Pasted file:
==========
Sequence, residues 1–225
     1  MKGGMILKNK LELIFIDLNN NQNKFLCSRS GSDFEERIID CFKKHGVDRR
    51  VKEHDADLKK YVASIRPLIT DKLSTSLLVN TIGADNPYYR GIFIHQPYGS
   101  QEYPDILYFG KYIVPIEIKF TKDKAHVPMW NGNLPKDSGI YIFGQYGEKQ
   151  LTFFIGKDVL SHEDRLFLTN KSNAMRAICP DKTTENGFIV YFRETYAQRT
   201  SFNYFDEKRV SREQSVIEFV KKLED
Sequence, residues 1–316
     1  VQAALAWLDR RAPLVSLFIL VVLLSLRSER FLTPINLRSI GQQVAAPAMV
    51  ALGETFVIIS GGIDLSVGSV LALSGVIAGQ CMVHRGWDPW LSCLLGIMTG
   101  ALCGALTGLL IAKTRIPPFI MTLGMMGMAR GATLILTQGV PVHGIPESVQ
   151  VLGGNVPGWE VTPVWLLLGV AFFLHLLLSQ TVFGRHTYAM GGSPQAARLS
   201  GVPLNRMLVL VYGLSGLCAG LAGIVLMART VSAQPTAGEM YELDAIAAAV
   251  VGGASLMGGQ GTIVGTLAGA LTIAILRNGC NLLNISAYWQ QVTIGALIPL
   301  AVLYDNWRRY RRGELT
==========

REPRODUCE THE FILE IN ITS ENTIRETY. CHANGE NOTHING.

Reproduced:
Sequence, residues 1–225
     1  MKGGMILKNK LELIFIDLNN NQNKFLCSRS GSDFEERIID CFKKHGVDRR
    51  VKEHDADLKK YVASIRPLIT DKLSTSLLVN TIGADNPYYR GIFIHQPYGS
   101  QEYPDILYFG KYIVPIEIKF TKDKAHVPMW NGNLPKDSGI YIFGQYGEKQ
   151  LTFFIGKDVL SHEDRLFLTN KSNAMRAICP DKTTENGFIV YFRETYAQRT
   201  SFNYFDEKRV SREQSVIEFV KKLED
Sequence, residues 1–316
     1  VQAALAWLDR RAPLVSLFIL VVLLSLRSER FLTPINLRSI GQQVAAPAMV
    51  ALGETFVIIS GGIDLSVGSV LALSGVIAGQ CMVHRGWDPW LSCLLGIMTG
   101  ALCGALTGLL IAKTRIPPFI MTLGMMGMAR GATLILTQGV PVHGIPESVQ
   151  VLGGNVPGWE VTPVWLLLGV AFFLHLLLSQ TVFGRHTYAM GGSPQAARLS
   201  GVPLNRMLVL VYGLSGLCAG LAGIVLMART VSAQPTAGEM YELDAIAAAV
   251  VGGASLMGGQ GTIVGTLAGA LTIAILRNGC NLLNISAYWQ QVTIGALIPL
   301  AVLYDNWRRY RRGELT